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expert reaction to study of a neuroprosthesis for a man with Parkinson’s Disease to improve his mobility

A study published in Nature Medicine looks at neuroprosthesis to improve mobility of people living with Parkinson’s Disease. 


Prof David Dexter Director of Research, Parkinson’s UK, said:

“This study is significant because it represents a major potential advance in how technology could help over movement deficits in people with Parkinson’s in the future. 

“The volunteer already had Deep Brain Stimulation – a surgical therapy for Parkinson’s which involves having electrical stimulation in the brain using carefully placed electrodes. The volunteer then underwent a procedure to have electrodes implanted in their spinal cord. When these spinal electrodes were turned on the freezing of gait normally observed in the volunteer almost disappeared, and these positive effects were seen when his DBS simulator was on or off.

“This has so far only been tried in one individual with Parkinson’s who already had Deep Brain Stimulation. We now need to see this be tested in many more people with the condition, including those without DBS, in clinical trials to further explore the potential benefits and side effects/risks of this experimental new therapy.

“This is quite an invasive procedure but could be a game changing technology to help restore movement in people with advanced Parkinson’s where the drugs are no longer working well.

“This research is still at a very early stage and requires much more development and testing before it can be made available to people with Parkinson’s, however this is a significant and exciting step forward and we hope to see this research progress quickly.”


A comment from our friends at SMC Spain, below:

Eduardo Fernández, director of the Institute of Bioengineering at the Miguel Hernandez University of Elche (Spain) and director of the Biomedical Neuroengineering group at the Center for Biomedical Research Network on Bioengineering, Biomaterials and Nanomedicine (CIBER-BBN), says:

“People with advanced Parkinson’s disease often face mobility problems that can have a significant impact on their quality of life and decrease their autonomy. This problem affects approximately 90% of sufferers and includes muscle stiffness, slowness of movement, freezing of gait, problems starting and stopping movement, and postural instability. These disorders often respond poorly to standard therapies that focus primarily on the areas of the brain directly affected by the loss of dopamine-producing neurons. Therefore, we need to develop new therapeutic strategies that can help solve these problems.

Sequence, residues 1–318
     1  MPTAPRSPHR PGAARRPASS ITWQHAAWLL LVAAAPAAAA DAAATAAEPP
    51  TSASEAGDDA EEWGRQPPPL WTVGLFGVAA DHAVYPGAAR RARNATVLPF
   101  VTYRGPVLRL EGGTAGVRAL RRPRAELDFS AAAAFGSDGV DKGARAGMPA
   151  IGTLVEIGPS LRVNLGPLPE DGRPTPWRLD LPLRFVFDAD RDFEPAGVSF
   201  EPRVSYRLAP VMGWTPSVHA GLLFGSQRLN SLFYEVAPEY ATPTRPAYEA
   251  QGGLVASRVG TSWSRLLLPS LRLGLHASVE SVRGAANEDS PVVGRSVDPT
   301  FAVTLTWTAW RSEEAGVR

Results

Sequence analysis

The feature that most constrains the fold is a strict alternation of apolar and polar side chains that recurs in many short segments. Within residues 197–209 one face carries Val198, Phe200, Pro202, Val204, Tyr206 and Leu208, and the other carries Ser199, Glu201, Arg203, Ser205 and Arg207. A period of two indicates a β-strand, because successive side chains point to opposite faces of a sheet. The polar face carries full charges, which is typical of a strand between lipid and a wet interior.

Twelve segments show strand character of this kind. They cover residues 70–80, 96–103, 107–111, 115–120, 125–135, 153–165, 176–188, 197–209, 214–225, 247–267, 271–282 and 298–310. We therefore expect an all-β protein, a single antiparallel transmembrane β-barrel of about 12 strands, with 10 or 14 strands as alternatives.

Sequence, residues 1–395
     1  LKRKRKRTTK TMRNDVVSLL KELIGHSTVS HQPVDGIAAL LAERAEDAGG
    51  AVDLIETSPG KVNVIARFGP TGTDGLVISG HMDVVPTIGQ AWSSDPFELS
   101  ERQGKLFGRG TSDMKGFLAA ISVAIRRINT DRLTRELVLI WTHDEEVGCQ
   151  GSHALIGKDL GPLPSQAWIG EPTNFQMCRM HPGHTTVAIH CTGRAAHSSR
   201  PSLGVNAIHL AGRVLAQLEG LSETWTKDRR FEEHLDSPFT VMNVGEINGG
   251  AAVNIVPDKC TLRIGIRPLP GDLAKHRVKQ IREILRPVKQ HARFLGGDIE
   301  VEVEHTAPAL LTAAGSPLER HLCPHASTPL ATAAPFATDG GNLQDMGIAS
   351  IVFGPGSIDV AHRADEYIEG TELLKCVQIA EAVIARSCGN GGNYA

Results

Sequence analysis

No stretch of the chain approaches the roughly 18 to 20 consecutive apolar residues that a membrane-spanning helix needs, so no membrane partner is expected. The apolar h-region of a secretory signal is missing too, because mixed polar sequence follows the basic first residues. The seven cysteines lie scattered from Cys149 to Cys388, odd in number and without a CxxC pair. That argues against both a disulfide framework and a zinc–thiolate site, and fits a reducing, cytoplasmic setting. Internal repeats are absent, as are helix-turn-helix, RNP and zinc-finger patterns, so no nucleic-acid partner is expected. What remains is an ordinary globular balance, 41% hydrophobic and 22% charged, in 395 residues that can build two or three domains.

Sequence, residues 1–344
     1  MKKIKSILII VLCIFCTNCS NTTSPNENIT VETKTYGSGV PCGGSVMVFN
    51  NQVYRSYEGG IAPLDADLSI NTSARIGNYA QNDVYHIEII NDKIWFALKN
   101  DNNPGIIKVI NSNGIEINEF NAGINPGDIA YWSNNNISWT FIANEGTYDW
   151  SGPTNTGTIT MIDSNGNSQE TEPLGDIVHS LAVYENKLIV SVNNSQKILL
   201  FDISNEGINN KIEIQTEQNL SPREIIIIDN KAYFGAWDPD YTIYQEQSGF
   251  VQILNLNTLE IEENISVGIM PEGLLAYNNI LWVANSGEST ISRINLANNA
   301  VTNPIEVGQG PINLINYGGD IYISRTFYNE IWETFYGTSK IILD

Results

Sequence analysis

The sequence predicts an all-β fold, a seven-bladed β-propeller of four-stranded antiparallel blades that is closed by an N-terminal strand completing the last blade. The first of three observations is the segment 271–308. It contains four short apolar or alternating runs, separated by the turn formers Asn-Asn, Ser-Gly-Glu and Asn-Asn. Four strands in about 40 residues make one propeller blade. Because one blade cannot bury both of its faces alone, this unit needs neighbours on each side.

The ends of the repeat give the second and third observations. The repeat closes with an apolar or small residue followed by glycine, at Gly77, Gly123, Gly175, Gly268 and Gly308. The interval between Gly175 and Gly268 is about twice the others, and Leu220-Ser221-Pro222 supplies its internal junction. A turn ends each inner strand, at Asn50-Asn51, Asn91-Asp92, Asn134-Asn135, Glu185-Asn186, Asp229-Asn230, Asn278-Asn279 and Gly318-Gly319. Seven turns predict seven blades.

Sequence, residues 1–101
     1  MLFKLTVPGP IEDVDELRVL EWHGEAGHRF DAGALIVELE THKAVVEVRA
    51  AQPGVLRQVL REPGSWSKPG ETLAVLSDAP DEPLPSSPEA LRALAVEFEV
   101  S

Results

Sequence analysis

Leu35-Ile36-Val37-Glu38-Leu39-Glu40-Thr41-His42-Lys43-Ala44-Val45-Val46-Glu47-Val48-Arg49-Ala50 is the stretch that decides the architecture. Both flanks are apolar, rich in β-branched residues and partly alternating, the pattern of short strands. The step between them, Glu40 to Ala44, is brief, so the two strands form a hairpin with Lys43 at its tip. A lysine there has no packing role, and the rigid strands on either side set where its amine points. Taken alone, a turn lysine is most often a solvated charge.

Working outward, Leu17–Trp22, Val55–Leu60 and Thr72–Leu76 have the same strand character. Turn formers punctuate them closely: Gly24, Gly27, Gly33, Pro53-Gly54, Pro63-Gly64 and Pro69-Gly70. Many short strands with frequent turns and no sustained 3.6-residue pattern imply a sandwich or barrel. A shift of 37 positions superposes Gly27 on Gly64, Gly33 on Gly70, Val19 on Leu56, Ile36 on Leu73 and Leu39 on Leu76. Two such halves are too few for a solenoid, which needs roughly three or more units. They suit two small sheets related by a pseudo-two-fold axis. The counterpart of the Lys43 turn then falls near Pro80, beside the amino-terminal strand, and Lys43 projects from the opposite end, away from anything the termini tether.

“This study introduces a very innovative therapeutic strategy that does not target the brain areas most affected in Parkinson’s disease, but other areas of the nervous system that are not affected by this pathology. Specifically, it targets the lumbosacral region of the spinal cord, which is ultimately involved in the control of the leg muscles and in the generation of the act of walking. To this end, they propose to use both deep brain stimulation, which is commonly used in many patients with Parkinson’s disease, and the modulation of the activity of motor neurons located in this lumbosacral area of the spinal cord, using epidural electrical stimulation. Thanks to this, a 62-year-old man, who was affected for more than 30 years by Parkinson’s disease, has experienced a marked reduction in his mobility problems and has also experienced improvements in his balance and in his tendency to freeze gait, resulting in a significant improvement in his quality of life.

“The study is very well designed and of high quality. The authors first developed the technology in an animal model of Parkinson’s disease, and then validated it in a person with advanced Parkinson’s disease. The results suggest that, with the right technology, it is possible to detect a person’s movement intention and establish bidirectional communication with the nervous system, and that artificial electrical stimulation of nerve cell populations in the spinal cord may be effective in alleviating motor deficits that occur in some neurodegenerative brain diseases. However, it should be noted that this research has been performed in a single patient, so further studies are still needed to confirm the effectiveness of this therapeutic approach in a larger number of individuals, and to identify those patients who may benefit most from this type of neuroprosthesis.

“We hope that advances in neurotechnology, electronics, neuroscience and biomedical engineering will contribute to the development of a new generation of motor neuroprostheses, capable of modulating or adjusting the optimal parameters of electrical stimulation with greater precision, which may help restore some lost functions in many patients with severe neurological diseases. The future is hopeful, but it is necessary to advance little by little and not to create false expectations that could damage the credibility of this research.”


‘A spinal cord neuroprosthesis for locomotor deficits due to Parkinson’s disease’ by Tomislav Milekovic et al. was published in Nature Medicine at 16:00 UK time on Monday 6th November. 




Declared interests

Eduardo Fernández: Declares having no conflict of interest.

For all other experts, no reply to our request for DOIs was received.


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